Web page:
Anyone can take your email address, and put it into an email subscription form. That is why we have validation emails. We saw this in the UK recently, with the revoke Article 50 petition. Just submitting your email address wasn’t enough. You have to click on the validation email too. But a worrying new trend has emerged. Cyber criminals have managed to take advantage of poor webform security to insert links into validation emails, responding to fictitious signups.
The latest scam is as cunning as ever from a criminal fraternity that has never lacked an ability to apply clever new techniques into tricking us. So what can organisations do to avoid falling victim to such phishing attacks?
One report focused on a phishing attack after cyber criminals were able to insert the suspicious links into validation emails from the perfectly legitimate site The British Newspaper archive. A trained eye could have spotted the tell tell signs. For one thing, the particular phishing attack in question involved a confirmation email sent to a nonsensical name. Clearly, the email address was ‘thrown’ at a subscription form, filling in that part of the questionnaire asking for a name using some kind of automated process. But the biggest hint lies with a suspicious link forming part of the confirmation email.
Another report, this time on Dr Web, focused on a similar scam, in which “Russian users received phishing emails from well-known international companies such as Audi, Austrian Airlines and S-Bahn Berlin.”
Phishing: Avoiding the growing threat to business data
Email phishing is becoming more sophisticated and targeted. How can firms avoid being caught out?
The fix: to avoid phishing the simple methods can help
There is an obvious fix; train staff to be more careful and indeed suspicious of course. As Jake Moore, cyber security specialist at ESET said: “One should always use caution when filling in forms, whether the site and entry form looks legitimate or otherwise. This may sound straight forward but people quickly become influenced by a logo or urgency and simply forge ahead, ignoring any doubts.”
But we are all human, and the most technically savvy of us can get caught out from time to time. As Fabian Libeau, VP for EMEA at RiskIQ, said: “The critical aspect in all social engineering scams is that the intended victim believes the scammer to be legitimate, and as people have become able to spot the most obvious phishing emails, we are increasingly seeing time being spent on crafting well-written and seemingly authentic messages requesting reasonable actions. This means that even if you’re relatively well informed, it’s becoming harder to single out, especially when criminals impersonate.”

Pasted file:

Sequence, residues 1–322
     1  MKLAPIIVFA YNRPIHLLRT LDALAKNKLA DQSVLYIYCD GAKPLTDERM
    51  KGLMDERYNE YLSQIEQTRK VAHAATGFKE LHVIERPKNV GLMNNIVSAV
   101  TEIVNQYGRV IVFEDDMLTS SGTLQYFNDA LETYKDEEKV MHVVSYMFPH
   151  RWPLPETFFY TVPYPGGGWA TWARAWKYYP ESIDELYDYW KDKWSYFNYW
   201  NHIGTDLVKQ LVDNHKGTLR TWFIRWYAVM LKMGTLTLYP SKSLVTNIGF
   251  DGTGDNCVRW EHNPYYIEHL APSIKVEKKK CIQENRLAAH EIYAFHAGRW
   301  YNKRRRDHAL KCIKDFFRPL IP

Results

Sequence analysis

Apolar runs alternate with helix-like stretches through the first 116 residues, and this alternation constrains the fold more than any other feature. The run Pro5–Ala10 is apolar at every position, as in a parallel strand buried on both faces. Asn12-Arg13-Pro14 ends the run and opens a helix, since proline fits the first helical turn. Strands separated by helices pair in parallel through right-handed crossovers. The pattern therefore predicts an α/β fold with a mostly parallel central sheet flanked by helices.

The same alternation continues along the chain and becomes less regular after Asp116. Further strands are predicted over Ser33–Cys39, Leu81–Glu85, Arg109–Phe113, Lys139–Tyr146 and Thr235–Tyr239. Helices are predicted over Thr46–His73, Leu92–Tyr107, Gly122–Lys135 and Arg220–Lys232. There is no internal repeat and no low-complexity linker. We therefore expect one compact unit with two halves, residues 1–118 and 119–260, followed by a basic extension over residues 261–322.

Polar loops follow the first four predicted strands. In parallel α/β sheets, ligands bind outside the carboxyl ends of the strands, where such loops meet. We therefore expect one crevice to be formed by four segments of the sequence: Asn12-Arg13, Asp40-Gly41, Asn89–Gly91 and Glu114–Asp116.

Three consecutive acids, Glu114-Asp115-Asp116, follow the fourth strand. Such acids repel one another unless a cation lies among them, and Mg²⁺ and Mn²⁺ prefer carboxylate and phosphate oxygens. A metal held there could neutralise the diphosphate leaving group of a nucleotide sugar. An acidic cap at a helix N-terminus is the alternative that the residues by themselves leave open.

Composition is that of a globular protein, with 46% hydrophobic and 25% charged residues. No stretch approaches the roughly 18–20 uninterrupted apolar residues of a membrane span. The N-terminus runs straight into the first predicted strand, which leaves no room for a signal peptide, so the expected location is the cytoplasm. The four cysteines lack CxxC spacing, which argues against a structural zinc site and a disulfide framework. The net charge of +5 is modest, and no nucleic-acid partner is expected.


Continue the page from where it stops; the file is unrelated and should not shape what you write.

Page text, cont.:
Jake Moore added: “Not everyone has the time or the know-how to look for tell tell signs within a malicious link but it can be mitigated by following one rule — don’t go entering information from emails sent to you even if they look genuine. The timing is usually the best giveaway as even if the email looks worthy of someone you are connected with, it may not be timed well. With that said, I still withhold giving away any personal information where possible – especially if a link were to say I’ve won a prize.”
Phishing attacks hook almost half of UK firms
Almost half of UK organisations have been compromised by phishing attacks in the last two years, research shows
But what can organisations do beyond that to avoid falling victim to phishing attacks?
Fabian Libeau said: “Security teams need to go beyond focusing solely on training for junior employees, which while important is not sufficient. Instead, security professionals need to play a more active part in monitoring for such frauds as well. A key part to a robust anti-phishing strategy is to map out the infrastructure associated with flagged phishing campaigns and set up customised blocks that can prevent further action on behalf of the criminal. This will lower the amount of possible attack vectors, and also increase organisations’ resilience to what is becoming unavoidable phishing campaigns targeting those employees that are most likely to fall for impersonation fraud.“
Jake Moore concluded: “Businesses should of course be making use of multi factor authentication for any newsletters and make their users aware of tactics used by hackers.”
Also see: A guide to cyber attacks: Phishing